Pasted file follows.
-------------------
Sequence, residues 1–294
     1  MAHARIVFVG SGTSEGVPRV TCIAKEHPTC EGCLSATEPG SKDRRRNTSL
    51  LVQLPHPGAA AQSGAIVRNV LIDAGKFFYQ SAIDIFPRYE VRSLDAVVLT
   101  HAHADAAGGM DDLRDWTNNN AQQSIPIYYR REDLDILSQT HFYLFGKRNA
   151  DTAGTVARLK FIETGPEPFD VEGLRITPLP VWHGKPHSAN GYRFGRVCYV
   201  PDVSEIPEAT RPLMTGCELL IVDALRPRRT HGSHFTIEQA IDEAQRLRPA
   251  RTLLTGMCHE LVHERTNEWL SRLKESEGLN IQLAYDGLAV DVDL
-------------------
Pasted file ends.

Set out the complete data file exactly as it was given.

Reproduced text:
Sequence, residues 1–294
     1  MAHARIVFVG SGTSEGVPRV TCIAKEHPTC EGCLSATEPG SKDRRRNTSL
    51  LVQLPHPGAA AQSGAIVRNV LIDAGKFFYQ SAIDIFPRYE VRSLDAVVLT
   101  HAHADAAGGM DDLRDWTNNN AQQSIPIYYR REDLDILSQT HFYLFGKRNA
   151  DTAGTVARLK FIETGPEPFD VEGLRITPLP VWHGKPHSAN GYRFGRVCYV
   201  PDVSEIPEAT RPLMTGCELL IVDALRPRRT HGSHFTIEQA IDEAQRLRPA
   251  RTLLTGMCHE LVHERTNEWL SRLKESEGLN IQLAYDGLAV DVDL